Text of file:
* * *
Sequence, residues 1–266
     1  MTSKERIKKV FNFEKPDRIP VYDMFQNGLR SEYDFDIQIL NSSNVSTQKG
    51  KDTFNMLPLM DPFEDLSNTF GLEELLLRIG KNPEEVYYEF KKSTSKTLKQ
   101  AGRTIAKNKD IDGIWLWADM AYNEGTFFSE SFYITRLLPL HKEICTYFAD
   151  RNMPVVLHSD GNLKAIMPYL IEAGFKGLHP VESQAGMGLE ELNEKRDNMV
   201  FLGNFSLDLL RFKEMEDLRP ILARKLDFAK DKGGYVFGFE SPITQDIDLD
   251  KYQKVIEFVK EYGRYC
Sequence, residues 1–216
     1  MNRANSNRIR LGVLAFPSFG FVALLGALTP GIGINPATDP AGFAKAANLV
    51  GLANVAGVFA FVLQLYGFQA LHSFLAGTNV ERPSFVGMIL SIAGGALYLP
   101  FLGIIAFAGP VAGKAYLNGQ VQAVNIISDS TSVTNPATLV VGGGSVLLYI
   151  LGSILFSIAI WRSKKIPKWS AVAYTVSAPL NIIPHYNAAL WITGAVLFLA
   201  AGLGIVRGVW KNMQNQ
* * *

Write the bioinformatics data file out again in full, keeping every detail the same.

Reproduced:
Sequence, residues 1–266
     1  MTSKERIKKV FNFEKPDRIP VYDMFQNGLR SEYDFDIQIL NSSNVSTQKG
    51  KDTFNMLPLM DPFEDLSNTF GLEELLLRIG KNPEEVYYEF KKSTSKTLKQ
   101  AGRTIAKNKD IDGIWLWADM AYNEGTFFSE SFYITRLLPL HKEICTYFAD
   151  RNMPVVLHSD GNLKAIMPYL IEAGFKGLHP VESQAGMGLE ELNEKRDNMV
   201  FLGNFSLDLL RFKEMEDLRP ILARKLDFAK DKGGYVFGFE SPITQDIDLD
   251  KYQKVIEFVK EYGRYC
Sequence, residues 1–216
     1  MNRANSNRIR LGVLAFPSFG FVALLGALTP GIGINPATDP AGFAKAANLV
    51  GLANVAGVFA FVLQLYGFQA LHSFLAGTNV ERPSFVGMIL SIAGGALYLP
   101  FLGIIAFAGP VAGKAYLNGQ VQAVNIISDS TSVTNPATLV VGGGSVLLYI
   151  LGSILFSIAI WRSKKIPKWS AVAYTVSAPL NIIPHYNAAL WITGAVLFLA
   201  AGLGIVRGVW KNMQNQ